The Support Magistrate erred, however, in finding the father in default based on his nonappearance on the last day of the fact-finding hearing. The father had appeared on the first three days of the hearing, had already provided substantial testimony in support of his defense and had been cross-examined by the mother's counsel (see Matter of Savanna G. [Danyelle M.], 118 A.D.3d 1482, 1482 [2014]; Matter of Danielle M., 26 A.D.3d 748, 748 [2006], lv denied 7 N.Y.3d 703');">7 N.Y.3d 703 [2006]). Moreover, although the father did not appear on the last day of the hearing, his counsel had made a written request for an adjournment earlier that day and thereafter appeared in court to reiterate such request (see Matter of Manning v Sobotka, 107 A.D.3d 1638, 1639 [2013]; Matter of Erie County Dept. of Social Servs. v Thompson, 91 A.D.3d 1327, 1328 [2012]; Matter of Cassandra M., 260 A.D.2d 961, 962-963 [1999]) [1]. Because there was no default, the father was not required to move to vacate the Support Magistrate's order and to file objections to the denial of such motion with Family Court. Accordingly, Family Court properly reviewed the record before the Support Magistrate to determine whether to confirm the finding of a willful violation on the merits (cf. Matter of Manning v Sobotka, 107 A.D.3d at 1638; see generally Family Ct Act § 439 [a], [e]).

         Addressing the merits, a parent is presumed to have the means to support his or her children under the age of 21 (see Family Ct Act § 437; Matter of Powers v Powers, 86 N.Y.2d 63, 68-69 [1995]). "[P]roof of a failure to pay child support as ordered constitutes prima facie evidence of a willful violation" (Matter of Ulster County Support Collection Unit v Oliver, 135 A.D.3d 1114, 1115 [2016]; see Family Ct Act § 454 [3] [a]), which shifts the burden to the parent who owes the support to come forward with competent, credible evidence of his or her inability to pay (see Matter of Powers v Powers, 86 N.Y.2d at 69; Matter of Provost v Provost, 147 A.D.3d 1256, 1257 [2017]).

         At the fact-finding hearing, the mother presented a document from the child support collection unit indicating the amount of child support arrears owed and testified that the amounts were accurate and that she had not received any child support payments from the father that were not already reflected in the document. This evidence was sufficient to make a prima facie showing of a willful violation and to shift the burden to the father to establish, by competent proof, an inability to pay (see Matter of Santana v Gonzalez, 90 A.D.3d 1198, 1200 [2011]; Matter of Wilson v LaMountain, 83 A.D.3d 1154, 1155-1156 [2011]; Matter of Sandulescu v Caico, 64 A.D.3d 905, 907 [2009]).

         To that end, the father testified that he was unable to work due to his various medical conditions and because he was the primary caretaker of the two children he shared with his girlfriend. He did not, however, offer any medical documentation or evidence to substantiate his medical claims (see Matter of Boyle v Boyle, 101 A.D.3d 1412, 1413 [2012]; Matter of Freedman v Horike, 68 A.D.3d 1205, 1206 [2009], lv dismissed and denied 14 N.Y.3d 811');">14 N.Y.3d 811 [2010]). Further, despite his alleged medical issues, the father testified that he drove over 200 miles to New York City each weekend to sell produce and admitted that he worked in the farming industry after he had been diagnosed with cancer and received treatment (see Matter of Wilson v LaMountain, 83 A.D.3d at 1156; Matter of Travell v Travell, 33 A.D.3d 1169, 1171 [2006]). As aptly noted by Family Court, the father "deliberately structured his life in such a manner [as] to create the appearance of indigenc[e] to avoid paying child support." Although the father claimed that he had given his farm to his girlfriend, he admitted that he did not legally assign the farm to her and there is no evidence that he received any consideration for it. In fact, the father continued to work for the farm without receiving any compensation. [2]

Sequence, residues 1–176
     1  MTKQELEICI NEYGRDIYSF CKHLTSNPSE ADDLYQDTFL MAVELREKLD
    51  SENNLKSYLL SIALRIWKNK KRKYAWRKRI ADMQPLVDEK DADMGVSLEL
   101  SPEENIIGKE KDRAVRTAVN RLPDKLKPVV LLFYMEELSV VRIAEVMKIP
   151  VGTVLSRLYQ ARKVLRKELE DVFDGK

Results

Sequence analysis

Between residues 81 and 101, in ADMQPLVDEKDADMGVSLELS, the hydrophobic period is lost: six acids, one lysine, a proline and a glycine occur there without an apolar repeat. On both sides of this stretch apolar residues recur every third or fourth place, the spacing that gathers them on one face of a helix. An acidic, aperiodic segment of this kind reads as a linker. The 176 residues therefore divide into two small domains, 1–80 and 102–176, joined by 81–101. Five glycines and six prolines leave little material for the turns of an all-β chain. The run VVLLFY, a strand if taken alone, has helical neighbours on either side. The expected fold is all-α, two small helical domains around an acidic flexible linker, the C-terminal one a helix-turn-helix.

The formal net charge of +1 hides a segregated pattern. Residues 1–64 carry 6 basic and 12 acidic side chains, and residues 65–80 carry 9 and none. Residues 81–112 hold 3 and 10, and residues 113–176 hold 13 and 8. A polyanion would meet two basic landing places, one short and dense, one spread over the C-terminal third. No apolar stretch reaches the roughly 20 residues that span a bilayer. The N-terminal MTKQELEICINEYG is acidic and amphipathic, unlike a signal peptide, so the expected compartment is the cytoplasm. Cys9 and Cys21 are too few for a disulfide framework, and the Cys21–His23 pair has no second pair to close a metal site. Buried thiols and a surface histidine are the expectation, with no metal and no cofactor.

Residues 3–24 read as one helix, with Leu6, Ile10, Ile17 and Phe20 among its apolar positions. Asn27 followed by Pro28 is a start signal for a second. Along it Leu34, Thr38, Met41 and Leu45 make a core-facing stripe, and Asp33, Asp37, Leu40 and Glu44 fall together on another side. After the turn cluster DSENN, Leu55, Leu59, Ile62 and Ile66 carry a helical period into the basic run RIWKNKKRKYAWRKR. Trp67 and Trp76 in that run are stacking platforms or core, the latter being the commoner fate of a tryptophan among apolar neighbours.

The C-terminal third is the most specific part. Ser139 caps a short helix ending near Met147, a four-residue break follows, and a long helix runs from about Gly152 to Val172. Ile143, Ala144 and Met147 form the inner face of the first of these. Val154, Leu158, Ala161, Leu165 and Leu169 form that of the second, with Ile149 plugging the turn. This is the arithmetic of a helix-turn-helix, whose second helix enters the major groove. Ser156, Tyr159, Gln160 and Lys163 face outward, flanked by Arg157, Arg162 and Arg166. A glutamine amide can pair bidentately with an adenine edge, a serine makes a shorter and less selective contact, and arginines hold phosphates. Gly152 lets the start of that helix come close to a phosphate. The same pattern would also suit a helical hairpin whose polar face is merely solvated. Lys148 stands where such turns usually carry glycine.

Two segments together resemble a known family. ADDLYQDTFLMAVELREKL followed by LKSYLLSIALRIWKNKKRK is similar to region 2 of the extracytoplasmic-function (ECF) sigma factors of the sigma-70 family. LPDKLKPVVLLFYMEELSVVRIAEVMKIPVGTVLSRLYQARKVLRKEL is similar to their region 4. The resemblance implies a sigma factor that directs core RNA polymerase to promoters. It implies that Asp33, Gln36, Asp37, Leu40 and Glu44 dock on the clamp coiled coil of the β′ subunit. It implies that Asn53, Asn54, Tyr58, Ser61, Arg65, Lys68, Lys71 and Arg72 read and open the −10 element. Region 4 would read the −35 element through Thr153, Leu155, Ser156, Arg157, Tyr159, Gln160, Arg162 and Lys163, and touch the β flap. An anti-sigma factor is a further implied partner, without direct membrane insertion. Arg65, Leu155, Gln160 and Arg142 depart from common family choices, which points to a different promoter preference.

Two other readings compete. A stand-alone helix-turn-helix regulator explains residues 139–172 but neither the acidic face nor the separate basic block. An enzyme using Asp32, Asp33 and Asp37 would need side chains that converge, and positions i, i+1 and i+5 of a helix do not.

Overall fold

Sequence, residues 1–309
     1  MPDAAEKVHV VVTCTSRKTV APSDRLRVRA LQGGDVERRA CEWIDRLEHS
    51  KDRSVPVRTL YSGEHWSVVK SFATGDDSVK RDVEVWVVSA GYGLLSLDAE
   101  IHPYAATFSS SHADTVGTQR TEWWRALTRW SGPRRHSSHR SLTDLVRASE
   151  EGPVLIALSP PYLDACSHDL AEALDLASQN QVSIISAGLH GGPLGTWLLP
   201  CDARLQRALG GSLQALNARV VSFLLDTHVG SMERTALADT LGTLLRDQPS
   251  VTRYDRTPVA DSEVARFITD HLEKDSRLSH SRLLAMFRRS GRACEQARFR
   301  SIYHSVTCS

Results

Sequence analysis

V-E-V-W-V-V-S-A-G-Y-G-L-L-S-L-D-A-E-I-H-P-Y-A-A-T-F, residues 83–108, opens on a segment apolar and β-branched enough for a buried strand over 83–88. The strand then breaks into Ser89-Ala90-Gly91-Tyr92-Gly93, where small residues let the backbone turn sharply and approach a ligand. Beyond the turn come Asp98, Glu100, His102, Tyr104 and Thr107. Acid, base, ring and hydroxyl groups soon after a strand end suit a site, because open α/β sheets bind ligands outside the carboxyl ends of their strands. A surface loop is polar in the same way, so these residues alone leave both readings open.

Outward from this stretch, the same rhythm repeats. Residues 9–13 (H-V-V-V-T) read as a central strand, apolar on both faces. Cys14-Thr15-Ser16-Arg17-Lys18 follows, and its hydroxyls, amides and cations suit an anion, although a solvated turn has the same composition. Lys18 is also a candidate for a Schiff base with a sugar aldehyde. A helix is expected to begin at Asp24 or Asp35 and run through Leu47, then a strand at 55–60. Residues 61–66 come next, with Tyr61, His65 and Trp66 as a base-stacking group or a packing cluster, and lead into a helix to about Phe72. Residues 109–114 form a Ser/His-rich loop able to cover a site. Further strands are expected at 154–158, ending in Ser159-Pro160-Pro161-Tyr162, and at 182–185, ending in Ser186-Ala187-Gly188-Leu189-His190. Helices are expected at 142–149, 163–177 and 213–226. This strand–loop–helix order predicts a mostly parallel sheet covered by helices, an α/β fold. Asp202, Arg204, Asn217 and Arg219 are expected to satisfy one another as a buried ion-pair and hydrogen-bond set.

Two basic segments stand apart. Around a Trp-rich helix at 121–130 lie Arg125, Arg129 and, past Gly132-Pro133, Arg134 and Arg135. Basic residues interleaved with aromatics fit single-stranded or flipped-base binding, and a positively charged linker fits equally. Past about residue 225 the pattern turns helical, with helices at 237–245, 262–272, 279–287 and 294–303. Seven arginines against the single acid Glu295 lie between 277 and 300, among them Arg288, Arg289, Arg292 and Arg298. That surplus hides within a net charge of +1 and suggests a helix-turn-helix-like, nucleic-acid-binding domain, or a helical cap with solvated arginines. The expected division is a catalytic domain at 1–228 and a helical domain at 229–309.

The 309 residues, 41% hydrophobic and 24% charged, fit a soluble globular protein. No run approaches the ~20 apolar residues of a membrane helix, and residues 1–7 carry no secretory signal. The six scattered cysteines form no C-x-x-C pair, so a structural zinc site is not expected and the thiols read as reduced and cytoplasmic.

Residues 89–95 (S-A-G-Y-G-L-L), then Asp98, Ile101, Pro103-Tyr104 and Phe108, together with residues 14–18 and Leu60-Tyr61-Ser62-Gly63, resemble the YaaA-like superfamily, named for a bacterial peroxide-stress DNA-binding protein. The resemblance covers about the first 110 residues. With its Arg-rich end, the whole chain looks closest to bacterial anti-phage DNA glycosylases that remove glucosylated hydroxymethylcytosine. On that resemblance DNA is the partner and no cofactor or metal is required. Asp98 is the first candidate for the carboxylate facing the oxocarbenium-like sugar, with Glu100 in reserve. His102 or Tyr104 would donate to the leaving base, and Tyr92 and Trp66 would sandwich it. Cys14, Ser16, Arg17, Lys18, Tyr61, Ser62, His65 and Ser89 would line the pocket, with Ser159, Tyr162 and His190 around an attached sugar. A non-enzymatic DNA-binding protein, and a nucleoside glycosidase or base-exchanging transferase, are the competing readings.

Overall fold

Moreover, the father failed to show that he made a good-faith effort to obtain employment, as evidenced by his own testimony that his job search was limited to an Internet inquiry and that he had not applied for any such jobs (see Matter of Roshia v Thiel, 110 A.D.3d 1490, 1492 [2013], lv dismissed and denied22 N.Y.3d 1037');">22 N.Y.3d 1037 [2013]; Matter of Greene v Hanson, 100 A.D.3d 1558, 1558-1559 [2012]). The father's pending application for Social Security disability benefits "did not preclude Family Court from finding that he was capable of working" (Matter of Wilson v LaMountain, 83 A.D.3d at 1156; see Matter of Bukovinsky v Bukovinsky, 299 A.D.2d 786, 787-788 [2002], lv dismissed100 N.Y.2d 534');">100 N.Y.2d 534 [2003]). Furthermore, having failed to appear on the last day of the fact-finding hearing, the father may not now argue that he should have been allowed to present additional evidence in support of his defense (see Matter of Ball v Marshall, 103 A.D.3d 1270, 1271 [2013]) [3]. According due deference to the trier of fact on issues of credibility (see Matter of Dempsey v Arreglado, 95 A.D.3d 1388, 1390 [2012]; Matter of Freedman v Horike, 68 A.D.3d at 1207), we find ample record support for Family Court's determination that the father willfully violated the support order (see ...